During the last 5 years, 20 million refugees and 30 million displaced peoples were on the move worldwide, crossing borders and overwhelming relief efforts and public health facilities; foe example, in Zaire, more than half a million Rwandan refugees from civil war suffered devastating outbreaks of cholera and dysentery in squalid camps.

    Recent reductions in mosquito-control efforts have left much of South America re-infested with the mosquito that transmits YELLOW FEVER. Consequently this viral disease threatens to reemerge as a major urban health problem with potential spread into Puerto Rico and the southern United States.

    Recently a "foreign" mosquito has been imported into the United States. Aedes albopictus, also known as the tiger mosquito, is capable of transmitting viruses responsible for DENGUE FEVER and several forms of encephalitis. The mosquito was introduced to the United States in 1986 in used tires imported from Asia.

    In the 1990's Russia underwent an epidemic of DIPTHERIA.

     The construction of dams and water projects, with consequent alteration of water distribution patterns, often results in changes to mosquito vector populations. Construction of a dam in the Senegal River basin is believed to be responsible for the 1986 outbreak of Rift Valley fever (a viral infection transmitted by mosquitoes). Likewise, other dam and water projects have been implicated as factors contributing to snail-borne schistosomiasis outbreaks in Africa and the Middle East.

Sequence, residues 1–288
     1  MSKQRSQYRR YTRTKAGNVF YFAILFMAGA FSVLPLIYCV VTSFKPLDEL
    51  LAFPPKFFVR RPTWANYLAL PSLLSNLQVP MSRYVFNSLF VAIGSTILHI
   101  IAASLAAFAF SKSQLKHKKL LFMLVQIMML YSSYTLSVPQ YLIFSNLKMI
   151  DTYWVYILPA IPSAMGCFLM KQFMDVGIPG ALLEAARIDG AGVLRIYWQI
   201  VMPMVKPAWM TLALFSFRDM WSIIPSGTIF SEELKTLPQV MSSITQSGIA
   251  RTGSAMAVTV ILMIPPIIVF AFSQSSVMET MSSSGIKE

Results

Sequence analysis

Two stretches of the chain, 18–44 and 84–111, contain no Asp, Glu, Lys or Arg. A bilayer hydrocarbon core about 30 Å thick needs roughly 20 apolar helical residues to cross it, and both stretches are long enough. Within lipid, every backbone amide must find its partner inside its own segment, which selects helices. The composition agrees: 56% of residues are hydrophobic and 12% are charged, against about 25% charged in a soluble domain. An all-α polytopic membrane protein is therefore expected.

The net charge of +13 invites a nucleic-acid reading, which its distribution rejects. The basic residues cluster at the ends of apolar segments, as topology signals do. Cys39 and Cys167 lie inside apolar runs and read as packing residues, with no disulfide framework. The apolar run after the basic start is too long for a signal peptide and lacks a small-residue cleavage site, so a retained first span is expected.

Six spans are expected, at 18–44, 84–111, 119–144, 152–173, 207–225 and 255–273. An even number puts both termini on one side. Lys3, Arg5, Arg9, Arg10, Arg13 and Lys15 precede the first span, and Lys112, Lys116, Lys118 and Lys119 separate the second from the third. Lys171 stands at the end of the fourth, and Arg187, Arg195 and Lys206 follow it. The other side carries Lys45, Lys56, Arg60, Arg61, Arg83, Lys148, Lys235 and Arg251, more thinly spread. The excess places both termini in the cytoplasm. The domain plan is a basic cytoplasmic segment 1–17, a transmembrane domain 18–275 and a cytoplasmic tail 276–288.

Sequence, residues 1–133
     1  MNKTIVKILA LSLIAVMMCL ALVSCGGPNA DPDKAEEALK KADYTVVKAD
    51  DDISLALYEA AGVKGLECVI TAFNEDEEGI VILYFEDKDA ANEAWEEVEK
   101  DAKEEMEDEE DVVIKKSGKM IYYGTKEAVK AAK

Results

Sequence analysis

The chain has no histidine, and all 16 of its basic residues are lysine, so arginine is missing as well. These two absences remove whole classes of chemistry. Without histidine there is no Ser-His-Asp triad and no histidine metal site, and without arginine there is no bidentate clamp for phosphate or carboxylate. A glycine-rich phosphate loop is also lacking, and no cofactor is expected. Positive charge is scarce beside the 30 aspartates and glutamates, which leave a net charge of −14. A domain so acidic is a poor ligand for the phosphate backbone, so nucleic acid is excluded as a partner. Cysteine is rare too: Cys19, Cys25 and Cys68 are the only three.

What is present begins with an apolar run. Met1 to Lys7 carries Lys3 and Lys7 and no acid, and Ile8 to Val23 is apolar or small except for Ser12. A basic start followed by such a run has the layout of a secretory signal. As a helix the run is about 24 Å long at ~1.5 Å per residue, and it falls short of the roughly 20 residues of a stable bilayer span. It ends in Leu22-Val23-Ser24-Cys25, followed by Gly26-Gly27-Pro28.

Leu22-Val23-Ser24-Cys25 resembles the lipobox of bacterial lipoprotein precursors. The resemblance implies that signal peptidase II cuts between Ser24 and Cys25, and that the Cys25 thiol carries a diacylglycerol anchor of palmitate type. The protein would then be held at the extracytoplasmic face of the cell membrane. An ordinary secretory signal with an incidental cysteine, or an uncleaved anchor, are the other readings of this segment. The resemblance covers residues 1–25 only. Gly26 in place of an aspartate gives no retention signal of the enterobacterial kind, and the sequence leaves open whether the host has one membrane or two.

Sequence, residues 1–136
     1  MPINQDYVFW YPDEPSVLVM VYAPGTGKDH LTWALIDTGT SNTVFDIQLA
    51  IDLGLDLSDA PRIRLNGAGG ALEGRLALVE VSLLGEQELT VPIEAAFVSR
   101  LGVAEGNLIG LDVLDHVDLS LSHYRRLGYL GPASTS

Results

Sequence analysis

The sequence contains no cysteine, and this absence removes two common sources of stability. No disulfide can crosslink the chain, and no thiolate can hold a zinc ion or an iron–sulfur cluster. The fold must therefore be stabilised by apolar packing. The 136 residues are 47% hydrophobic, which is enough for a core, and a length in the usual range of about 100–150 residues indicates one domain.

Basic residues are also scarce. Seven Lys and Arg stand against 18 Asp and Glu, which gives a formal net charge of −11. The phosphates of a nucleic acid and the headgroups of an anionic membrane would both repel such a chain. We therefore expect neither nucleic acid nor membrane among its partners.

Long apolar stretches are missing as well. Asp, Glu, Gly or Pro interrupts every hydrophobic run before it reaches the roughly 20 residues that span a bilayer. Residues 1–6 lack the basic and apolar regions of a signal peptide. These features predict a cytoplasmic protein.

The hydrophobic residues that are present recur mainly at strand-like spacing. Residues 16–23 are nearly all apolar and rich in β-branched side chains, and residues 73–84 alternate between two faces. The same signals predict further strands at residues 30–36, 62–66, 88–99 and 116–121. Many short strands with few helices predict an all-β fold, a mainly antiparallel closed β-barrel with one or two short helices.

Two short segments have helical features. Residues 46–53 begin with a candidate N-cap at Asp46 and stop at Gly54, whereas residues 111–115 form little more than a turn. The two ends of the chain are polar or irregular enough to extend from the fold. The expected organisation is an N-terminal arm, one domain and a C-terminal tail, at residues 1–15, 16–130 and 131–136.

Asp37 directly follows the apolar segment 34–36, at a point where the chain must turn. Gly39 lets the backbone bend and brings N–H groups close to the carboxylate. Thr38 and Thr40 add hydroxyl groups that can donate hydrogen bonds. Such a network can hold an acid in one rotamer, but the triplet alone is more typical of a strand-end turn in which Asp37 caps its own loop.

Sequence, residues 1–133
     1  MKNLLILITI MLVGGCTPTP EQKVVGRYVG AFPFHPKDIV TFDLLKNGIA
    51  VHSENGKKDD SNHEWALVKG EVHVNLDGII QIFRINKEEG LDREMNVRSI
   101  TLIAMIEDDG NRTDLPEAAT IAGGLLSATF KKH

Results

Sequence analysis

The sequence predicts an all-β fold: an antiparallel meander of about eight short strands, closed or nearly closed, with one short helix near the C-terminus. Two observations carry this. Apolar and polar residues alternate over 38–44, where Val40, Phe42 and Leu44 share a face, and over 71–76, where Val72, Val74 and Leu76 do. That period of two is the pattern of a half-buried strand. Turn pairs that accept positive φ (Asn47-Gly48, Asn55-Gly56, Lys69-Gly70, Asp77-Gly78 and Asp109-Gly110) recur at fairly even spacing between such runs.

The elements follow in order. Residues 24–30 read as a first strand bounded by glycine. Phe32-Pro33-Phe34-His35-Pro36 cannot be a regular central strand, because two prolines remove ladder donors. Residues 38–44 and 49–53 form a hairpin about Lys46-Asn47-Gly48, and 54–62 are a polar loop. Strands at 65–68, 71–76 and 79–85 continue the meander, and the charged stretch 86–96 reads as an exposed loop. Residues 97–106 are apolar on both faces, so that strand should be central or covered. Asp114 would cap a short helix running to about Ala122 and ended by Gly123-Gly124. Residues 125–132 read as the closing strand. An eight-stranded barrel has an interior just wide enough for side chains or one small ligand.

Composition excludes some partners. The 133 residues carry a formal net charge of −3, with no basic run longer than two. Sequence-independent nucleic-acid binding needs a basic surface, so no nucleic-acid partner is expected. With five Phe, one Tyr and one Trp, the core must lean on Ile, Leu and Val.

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A New Disease Called SARS - Severe Acute Respiratory Syndrome
    The Centers for Disease Control and Prevention (CDC) has identified a new disease called severe acute respiratory syndrome (SARS), first reported among people in Guangdong Province (China), Hanoi (Vietnam), and Hong Kong. SARS, an atypical pneumonia of unknown etiology, was recognized at the end of February 2003. SARS is caused by a mutant variant of a cold virus (CORONA VIRUS) that may have moved from an animal host to humans.
Symptoms of SARS

    SARS begins with a fever greater than 100.4°F [>38.0°C]. Other symptoms may include headache, an overall feeling of discomfort, and body aches. Some people also experience mild respiratory symptoms. After 2 to 7 days, SARS patients may develop a dry cough and have trouble breathing. SARS is spread by close contact between people, most likely spread when someone with SARS coughs droplets into the air and someone else breathes them in. It is possible that SARS also can spread more broadly through the air or from touching objects that have become contaminated. How to diagnose and evaluate suspected SARS cases.
Tracking and Treating SARS
    The World Health Organization (WHO) is coordinating the international investigation with the assistance of the Global Outbreak Alert and Response Network and is working closely with health authorities in the affected countries to provide epidemiological, clinical and logistical support as required. The CDC and WHO have issued Infection Control Guidelines and President Bush has issued executive order allowing quarantee.   U.S. suspected cases as reported by the CDC and International cases reported by country from WHO.